A recent study by French scientist Thierry Castex has revealed that on the shroud are traces of words in Aramaic spelled with Hebrew letters.
A Vatican researcher, Barbara Frale, told Vatican Radio July 26 that her own studies suggest the letters on the shroud were written more than 1,800 years ago.
She said that in 1978 a Latin professor in Milan noticed Aramaic writing on the shroud and in 1989 scholars discovered Hebrew characters that probably were portions of the phrase "The king of the Jews."
Castex's recent discovery of the word "found" with another word next to it, which still has to be deciphered, "together may mean 'because found' or 'we found,'" she said.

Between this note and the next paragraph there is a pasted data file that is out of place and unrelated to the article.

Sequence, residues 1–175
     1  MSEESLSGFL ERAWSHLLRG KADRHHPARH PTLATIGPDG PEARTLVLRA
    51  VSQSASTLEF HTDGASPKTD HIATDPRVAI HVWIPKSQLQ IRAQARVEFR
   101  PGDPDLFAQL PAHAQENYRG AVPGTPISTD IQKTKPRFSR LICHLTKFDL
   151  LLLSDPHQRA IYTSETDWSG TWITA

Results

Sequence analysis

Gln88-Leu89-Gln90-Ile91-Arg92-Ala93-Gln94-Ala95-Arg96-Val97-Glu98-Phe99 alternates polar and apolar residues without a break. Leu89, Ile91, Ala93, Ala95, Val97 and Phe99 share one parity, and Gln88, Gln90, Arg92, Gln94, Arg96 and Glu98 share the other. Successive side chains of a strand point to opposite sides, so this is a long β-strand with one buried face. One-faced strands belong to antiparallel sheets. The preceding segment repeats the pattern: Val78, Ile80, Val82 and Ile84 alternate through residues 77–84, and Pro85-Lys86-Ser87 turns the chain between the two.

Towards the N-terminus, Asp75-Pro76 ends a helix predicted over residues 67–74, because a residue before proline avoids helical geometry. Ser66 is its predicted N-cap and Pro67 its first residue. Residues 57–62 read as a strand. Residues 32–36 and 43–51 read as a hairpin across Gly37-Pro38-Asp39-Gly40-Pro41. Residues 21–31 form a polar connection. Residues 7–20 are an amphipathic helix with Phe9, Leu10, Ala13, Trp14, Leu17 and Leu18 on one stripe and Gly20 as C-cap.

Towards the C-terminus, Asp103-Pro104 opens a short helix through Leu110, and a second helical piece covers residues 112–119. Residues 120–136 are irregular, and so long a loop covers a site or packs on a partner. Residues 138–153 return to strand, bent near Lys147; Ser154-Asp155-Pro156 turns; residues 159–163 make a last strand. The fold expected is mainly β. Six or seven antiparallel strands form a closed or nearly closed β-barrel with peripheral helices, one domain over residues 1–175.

What is interesting, she said, is that it recalls a passage in the Gospel of St. Luke, "We found this man misleading our people," which was what several Jewish leaders told Pontius Pilate when they asked him to condemn Jesus.
She said it would not be unusual for something to be written on a burial cloth in order to indicate the identity of the deceased.
Labels: aramaic, christianity, epigraphy, jesus, religion, Shroud of Turin